Howard Schultz, CEO of Starbucks, recently tried something radical in having his baristas, also known as partners, write on random coffee cups the term, “Race together.” I think theoretically it’s a great idea to try and start a national conversation on race relations, and indeed the coffee community would seem like a great place to start, but I’m not certain that the average Starbucks customer wants to have any kind of meaningful interaction at 7am while waiting for that first cup of coffee. Perhaps if Starbucks had framed the conversation, saying that on Sunday afternoons, baristas will be approaching people to talk about racism, the whole project might have had better parameters. The way it played out, as I was driving out of town, one of the Starbucks employees who is a casual friend of mine named Dominique, waved at me through the drive-thru and asked about my weekend plans, while another employee, a black man named Marquise who I really don’t know all that well, rushed to the window, seemingly in the effort to raise the profile of the African-American community. Is it really fair to put the onus on all the minority employees to insure that they are noticed and appreciated? How does Howard Schultz contend that his employees respond to someone who might very well react in a racist fashion? Is it enough to say, “We don’t need the business of close-minded people?” So I guess my point is, I give Starbucks an A for effort in its attempt to redress the wrongs of recent racist flare-ups, but only a B minus for the way the company has executed its “race together” campaign.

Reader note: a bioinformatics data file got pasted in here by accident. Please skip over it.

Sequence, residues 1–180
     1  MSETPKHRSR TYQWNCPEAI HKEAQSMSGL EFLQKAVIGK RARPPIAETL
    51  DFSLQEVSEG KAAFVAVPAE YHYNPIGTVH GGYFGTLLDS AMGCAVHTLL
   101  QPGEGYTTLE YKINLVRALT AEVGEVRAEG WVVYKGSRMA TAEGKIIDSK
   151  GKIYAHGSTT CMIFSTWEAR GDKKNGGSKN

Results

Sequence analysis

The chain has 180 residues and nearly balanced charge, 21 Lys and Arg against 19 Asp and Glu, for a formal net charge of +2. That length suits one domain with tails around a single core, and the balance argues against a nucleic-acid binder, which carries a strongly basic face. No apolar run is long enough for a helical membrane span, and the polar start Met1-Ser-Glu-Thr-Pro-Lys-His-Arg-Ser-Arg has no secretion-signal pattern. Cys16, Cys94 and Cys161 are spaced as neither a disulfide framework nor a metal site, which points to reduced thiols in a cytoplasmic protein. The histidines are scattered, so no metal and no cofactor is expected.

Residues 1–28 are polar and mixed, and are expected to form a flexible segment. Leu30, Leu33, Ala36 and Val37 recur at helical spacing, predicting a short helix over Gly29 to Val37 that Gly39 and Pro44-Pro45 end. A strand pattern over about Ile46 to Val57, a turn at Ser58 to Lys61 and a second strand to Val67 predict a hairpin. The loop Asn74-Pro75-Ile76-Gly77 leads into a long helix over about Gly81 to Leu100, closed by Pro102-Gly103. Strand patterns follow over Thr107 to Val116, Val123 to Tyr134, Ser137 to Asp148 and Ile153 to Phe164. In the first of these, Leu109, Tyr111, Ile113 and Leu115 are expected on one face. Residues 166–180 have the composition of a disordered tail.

A Moment In Time